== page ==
From experience, the best age for festival-going is not the wide-eyed teenage years, going to the Tree/Rainbow/Strawberry Fairs of the 1970s, where for one weekend my middle-class parental indoctrination would be challenged by the glimpse of an alternative lifestyle. Where shoes were an encumbrance, where toilets were conceptual rather than actual, and where knives could be sharpened despite there being nothing to use them for.
Nor is it the know-it-all years of my twenties, when all you needed were wet-wipes and your drug of choice and you could stay up for several days in a row. No need for a tent! Just three fabulous almost-outfits in a backpack. You’d know exactly which bands to see but couldn’t actually remember seeing any of them.
It’s definitely not the toddler years. When you soon discover you are going to be spending the whole weekend in the children’s area with a tangled diabolo (and if you don’t know what one of those is, you have never been to a festival). When you’re only going to hear the Chemical Brothers from several miles away in the family campsite and where every traumatic visit to an over-used and under-cleaned portaloo has the added jeopardy of a toddler, or two, in tow.
It’s not even the years with snotty teenagers, who will stamp out any sign that their mother might be having some fun, no matter how hard you try to lose them, and who will physically prevent you from reliving your goth years by moaning throughout The Cure’s entire two hour set. Not that I’m bitter. Not that I’m particularly bitter that they later, as adults, saw The Cure voluntarily and as fans. Without me.
No! It is best to wait until you hit your queenage years to start hitting up the festival scene in earnest. I cannot recommend it highly enough. There’s always someone offering to make tea, you’ve got time and headspace to actually enjoy what’s happening around you, and there’s a LOT of positive reinforcement, along with industrial quantities of laughter. I’ve got it wrong so many times but now I’m a queenager, I’m finally getting it right.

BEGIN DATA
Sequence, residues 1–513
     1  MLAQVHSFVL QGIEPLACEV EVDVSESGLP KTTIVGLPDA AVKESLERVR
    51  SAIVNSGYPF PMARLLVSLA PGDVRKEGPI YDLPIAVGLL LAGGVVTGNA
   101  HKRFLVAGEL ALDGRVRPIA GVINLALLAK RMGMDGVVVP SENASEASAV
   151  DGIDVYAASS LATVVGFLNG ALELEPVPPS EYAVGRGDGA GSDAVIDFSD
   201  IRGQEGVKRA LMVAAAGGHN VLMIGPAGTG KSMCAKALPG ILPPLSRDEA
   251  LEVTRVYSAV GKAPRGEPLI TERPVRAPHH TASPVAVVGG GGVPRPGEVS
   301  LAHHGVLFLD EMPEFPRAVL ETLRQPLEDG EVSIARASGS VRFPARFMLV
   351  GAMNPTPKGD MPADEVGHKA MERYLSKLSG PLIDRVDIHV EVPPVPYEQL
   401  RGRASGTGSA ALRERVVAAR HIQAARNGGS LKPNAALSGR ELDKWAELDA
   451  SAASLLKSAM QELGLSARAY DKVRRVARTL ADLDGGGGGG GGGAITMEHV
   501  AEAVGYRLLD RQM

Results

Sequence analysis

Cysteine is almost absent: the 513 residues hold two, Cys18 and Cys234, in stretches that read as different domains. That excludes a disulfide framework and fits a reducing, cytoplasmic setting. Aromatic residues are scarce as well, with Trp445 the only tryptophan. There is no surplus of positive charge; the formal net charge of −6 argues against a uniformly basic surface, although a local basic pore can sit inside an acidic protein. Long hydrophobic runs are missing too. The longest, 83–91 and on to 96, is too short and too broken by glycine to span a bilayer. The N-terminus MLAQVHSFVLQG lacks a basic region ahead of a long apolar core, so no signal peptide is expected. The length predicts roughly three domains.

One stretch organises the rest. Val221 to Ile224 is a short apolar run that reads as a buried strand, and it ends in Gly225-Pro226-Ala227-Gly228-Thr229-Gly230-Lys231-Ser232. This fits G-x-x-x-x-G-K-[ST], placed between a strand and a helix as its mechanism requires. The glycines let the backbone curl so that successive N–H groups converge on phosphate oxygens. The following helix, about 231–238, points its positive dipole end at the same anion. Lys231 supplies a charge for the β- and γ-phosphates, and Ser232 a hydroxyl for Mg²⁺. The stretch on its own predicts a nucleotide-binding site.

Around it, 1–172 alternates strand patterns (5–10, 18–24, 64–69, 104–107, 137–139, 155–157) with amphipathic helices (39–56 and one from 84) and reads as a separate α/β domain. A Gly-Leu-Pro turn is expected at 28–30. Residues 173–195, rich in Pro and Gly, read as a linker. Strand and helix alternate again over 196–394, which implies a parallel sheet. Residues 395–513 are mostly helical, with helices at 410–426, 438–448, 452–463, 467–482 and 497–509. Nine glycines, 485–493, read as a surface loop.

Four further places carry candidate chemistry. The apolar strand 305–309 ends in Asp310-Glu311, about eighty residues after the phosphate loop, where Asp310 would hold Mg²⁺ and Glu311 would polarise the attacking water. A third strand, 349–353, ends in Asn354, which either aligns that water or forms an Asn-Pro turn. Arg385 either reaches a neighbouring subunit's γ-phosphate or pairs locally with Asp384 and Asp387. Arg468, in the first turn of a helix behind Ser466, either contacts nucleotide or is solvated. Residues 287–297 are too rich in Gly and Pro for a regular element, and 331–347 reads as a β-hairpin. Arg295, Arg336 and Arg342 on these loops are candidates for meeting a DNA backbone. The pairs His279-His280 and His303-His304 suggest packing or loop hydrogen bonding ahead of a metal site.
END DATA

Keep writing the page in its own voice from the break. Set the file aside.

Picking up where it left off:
As a repeat offender of the self-inflicted crime of ‘let’s put on a music festival’ during my thirty-year career in the music industry (how hard can it be, right?), I co-founded Primadonna, a female-first book and ideas festival (with music obvs) with 16 other women from across the media industries in 2019. We’ve doubled down on making each ‘age’ of festival-going inspirational, motivational and most importantly fun. We particularly target a female audience, but everyone should have the right to be a queenager just for one weekend, including women of all ages, men, kids, teenagers and everyone in between.
This year is a tough time for festivals, made worse by a cost-of-living crisis never seen in recent memory that makes a tank of petrol cost almost as much as a weekend ticket. On top of this, people are still working their way through years of postponed birthdays, weddings and anniversaries. Oh, and there’s an ongoing pandemic, long Covid, and having just started bingewatching Heartstopper. There are a million reasons not to go out.
But going to a festival with other queenagers means stepping into a world where all that falls away. Someone’s always around to help you put up your tent, lend you a deck chair or mind your children – or your drink – while you go to the loo (which at Primadonna is a treat not a trial). And the one thing that festivals always do (even back in those heady days of the Strawberry Fair) is take you away from yourself, smother you in fun, and set you back into your normal life feeling a bit brighter and lighter.
Go to a festival this year. Be a queenager. Heck you could even come to ours.
– Jane Dyball
What is the Primadonna Festival?
Primadonna is a festival of books, ideas and imagination taking place at the Food Museum in Suffolk from 29-31 July 2022. Primadonna has something for everyone – film, live music, comedy, food, drink, DJs and therapies, alongside a programme of talks, interviews and discussions featuring big names and emerging talent, in a beautiful venue that’s easy to get to. And loads of stuff for (big and small) kids too.
Eleanor Mills, Jane Dyball and Noon will feature at Primadonna in a session called ‘The Rise of the Queenager’ which will look at the challenges, opportunities and excitement of finding your mojo in later life.
Primadonna is offering all Noon members weekend tickets for just £70. To book, just enter PRIMADONNA70 at checkout. See primadonnafestival.com for info and to book.
Jane Dyball was one of few women of her generation to become CEO of a multi-million music business, (MCPS). In 2018 she won the Outstanding Contribution award at Music Week’s Women in Music Awards, and in 2019 she won an Ivors Academy Gold Badge Award. She previously worked at Warner/Chappell and Virgin Music. She’s founded or co-founded the Pettafiesta, Mekonville and Primadonna festivals.
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